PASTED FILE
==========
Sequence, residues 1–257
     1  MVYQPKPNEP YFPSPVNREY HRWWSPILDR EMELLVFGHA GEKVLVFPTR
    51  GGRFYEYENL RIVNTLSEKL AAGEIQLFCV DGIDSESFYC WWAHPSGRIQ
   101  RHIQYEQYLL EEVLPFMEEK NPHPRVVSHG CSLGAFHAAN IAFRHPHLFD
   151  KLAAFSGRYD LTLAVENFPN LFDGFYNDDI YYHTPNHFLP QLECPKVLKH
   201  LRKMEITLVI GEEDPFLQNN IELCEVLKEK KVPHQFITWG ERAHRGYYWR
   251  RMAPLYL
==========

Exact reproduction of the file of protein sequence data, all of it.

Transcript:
Sequence, residues 1–257
     1  MVYQPKPNEP YFPSPVNREY HRWWSPILDR EMELLVFGHA GEKVLVFPTR
    51  GGRFYEYENL RIVNTLSEKL AAGEIQLFCV DGIDSESFYC WWAHPSGRIQ
   101  RHIQYEQYLL EEVLPFMEEK NPHPRVVSHG CSLGAFHAAN IAFRHPHLFD
   151  KLAAFSGRYD LTLAVENFPN LFDGFYNDDI YYHTPNHFLP QLECPKVLKH
   201  LRKMEITLVI GEEDPFLQNN IELCEVLKEK KVPHQFITWG ERAHRGYYWR
   251  RMAPLYL